As the boat drew near, the features of those on board became more distinct. There were by his count thirteen men on the boat. They at first looked like regular fishermen, but upon closer inspection most of the men were not clothed in the manner of those who plied that trade. As the boat finally scraped up on to the sandy beach, Tovi was suddenly struck by their good fortune. Last night was host to a storm anyone on land would have sought the deepest cave to avoid, but to have come in from the open sea this early meant that they must have travelled from the opposite shore during the night. Many an unsuspecting traveller and quite a few experienced sea-farers had been caught unawares out on the Sea of Galilee, known for its many sudden and violent storms. The sea had proven time and again that it was no respecter of persons. For this group to have survived last night’s violent weather was nothing short of a miracle. If you believed in such things.
Three of the group by now had disembarked, showing an easy familiarity with getting the boat secured on the beach. The rest were clearly unaccustomed to this mode of travel and their countenance revealed fear, mixed with relief as they stepped ashore. If his judge of character was as acute as some of his nefarious associates claimed, not a little bit of awe was also etched on those faces as they stepped onto dry ground.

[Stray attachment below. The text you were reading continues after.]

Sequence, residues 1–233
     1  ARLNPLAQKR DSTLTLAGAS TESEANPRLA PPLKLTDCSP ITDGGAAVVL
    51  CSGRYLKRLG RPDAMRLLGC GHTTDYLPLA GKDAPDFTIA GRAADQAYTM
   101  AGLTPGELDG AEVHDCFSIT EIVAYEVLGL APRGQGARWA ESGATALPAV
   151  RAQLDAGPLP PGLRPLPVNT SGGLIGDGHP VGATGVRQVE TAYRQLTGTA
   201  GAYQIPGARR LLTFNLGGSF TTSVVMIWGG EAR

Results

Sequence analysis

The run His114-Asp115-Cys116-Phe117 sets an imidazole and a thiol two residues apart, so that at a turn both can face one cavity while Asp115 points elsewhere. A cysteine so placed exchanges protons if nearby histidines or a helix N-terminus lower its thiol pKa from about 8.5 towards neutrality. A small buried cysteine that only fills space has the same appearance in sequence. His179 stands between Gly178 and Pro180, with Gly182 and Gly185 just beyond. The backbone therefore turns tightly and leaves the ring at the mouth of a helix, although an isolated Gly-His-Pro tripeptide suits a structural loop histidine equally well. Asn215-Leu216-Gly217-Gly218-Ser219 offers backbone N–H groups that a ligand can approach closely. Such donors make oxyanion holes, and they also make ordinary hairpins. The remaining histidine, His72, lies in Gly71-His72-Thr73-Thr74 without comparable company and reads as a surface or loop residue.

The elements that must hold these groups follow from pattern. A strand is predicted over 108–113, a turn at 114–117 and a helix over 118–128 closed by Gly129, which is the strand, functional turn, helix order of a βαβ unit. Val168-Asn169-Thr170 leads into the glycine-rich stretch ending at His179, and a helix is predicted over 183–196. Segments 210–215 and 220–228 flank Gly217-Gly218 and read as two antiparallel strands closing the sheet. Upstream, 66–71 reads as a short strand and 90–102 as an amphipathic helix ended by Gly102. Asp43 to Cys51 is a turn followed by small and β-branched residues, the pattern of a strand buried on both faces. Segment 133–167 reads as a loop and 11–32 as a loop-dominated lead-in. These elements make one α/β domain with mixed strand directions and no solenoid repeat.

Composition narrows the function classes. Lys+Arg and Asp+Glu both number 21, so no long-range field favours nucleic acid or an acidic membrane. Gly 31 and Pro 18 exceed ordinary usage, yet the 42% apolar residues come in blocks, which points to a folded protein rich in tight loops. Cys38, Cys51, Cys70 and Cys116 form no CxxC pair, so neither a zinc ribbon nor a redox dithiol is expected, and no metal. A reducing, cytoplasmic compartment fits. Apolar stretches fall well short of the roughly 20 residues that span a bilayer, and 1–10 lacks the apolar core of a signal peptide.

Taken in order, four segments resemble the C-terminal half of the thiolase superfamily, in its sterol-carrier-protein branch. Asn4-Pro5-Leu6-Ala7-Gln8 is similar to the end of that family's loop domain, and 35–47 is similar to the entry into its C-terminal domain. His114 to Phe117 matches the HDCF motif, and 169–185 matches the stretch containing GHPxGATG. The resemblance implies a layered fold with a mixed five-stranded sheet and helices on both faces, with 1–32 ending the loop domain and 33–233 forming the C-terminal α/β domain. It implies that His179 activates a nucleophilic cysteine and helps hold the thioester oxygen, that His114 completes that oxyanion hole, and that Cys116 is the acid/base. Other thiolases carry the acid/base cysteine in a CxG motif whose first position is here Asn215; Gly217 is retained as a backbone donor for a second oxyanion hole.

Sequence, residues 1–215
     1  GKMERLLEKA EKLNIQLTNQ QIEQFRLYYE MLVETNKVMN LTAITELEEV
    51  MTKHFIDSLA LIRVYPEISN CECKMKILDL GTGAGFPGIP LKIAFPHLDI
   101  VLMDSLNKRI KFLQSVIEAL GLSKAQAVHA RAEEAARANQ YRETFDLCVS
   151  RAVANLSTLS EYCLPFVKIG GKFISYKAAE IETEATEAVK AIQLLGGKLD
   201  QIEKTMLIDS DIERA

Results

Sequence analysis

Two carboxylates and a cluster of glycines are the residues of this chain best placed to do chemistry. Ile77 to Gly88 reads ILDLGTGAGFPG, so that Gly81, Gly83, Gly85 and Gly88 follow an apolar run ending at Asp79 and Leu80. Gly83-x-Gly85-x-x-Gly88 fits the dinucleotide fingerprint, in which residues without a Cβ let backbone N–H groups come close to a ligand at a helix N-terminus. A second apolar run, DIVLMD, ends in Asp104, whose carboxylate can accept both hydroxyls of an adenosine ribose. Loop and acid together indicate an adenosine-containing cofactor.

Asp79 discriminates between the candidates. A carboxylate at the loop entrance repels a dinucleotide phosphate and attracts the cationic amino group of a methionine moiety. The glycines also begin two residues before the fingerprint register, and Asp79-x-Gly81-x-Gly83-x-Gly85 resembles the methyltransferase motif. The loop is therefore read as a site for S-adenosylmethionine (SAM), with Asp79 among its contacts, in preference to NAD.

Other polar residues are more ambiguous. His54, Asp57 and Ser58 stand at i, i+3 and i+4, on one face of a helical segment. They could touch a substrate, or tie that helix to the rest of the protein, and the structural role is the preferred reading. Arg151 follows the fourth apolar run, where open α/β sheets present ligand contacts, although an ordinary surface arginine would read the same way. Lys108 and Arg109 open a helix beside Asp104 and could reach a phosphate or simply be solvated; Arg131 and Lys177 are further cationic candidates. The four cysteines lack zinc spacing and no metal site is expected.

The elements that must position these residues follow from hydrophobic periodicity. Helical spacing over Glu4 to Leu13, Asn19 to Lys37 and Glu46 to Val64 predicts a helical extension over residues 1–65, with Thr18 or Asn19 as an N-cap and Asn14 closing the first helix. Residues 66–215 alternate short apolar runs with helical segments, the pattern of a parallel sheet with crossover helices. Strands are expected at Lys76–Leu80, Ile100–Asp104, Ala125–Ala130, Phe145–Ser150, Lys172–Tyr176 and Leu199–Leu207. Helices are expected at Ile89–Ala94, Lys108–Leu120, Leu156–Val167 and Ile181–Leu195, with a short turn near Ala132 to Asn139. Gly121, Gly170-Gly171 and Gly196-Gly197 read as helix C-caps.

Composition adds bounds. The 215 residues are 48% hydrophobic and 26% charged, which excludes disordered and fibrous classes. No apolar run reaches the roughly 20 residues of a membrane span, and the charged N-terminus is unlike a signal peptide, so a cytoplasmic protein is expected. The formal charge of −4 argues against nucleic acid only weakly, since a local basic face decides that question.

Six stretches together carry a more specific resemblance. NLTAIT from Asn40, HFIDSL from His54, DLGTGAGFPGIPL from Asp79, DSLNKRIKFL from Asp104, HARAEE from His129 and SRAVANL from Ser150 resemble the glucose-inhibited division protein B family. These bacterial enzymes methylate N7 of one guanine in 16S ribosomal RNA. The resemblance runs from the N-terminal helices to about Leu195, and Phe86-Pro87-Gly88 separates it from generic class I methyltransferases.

All except one. Curiously this individual seemed the most at ease, while the rest seemed to defer to him with barely controlled agitation. Could this be the one he was seeking?
If Tovi’s initial investigations proved accurate, this individual was some sort of self-appointed Rabbi and not a fisherman who generally travelled the regional waterways. Strangely, he seemed more at home on the water than his other companions. His background checks had already determined that this Rabbi was also known to be a skilled carpenter by trade. Now he seemed to have become some sort of radical teacher of the Law.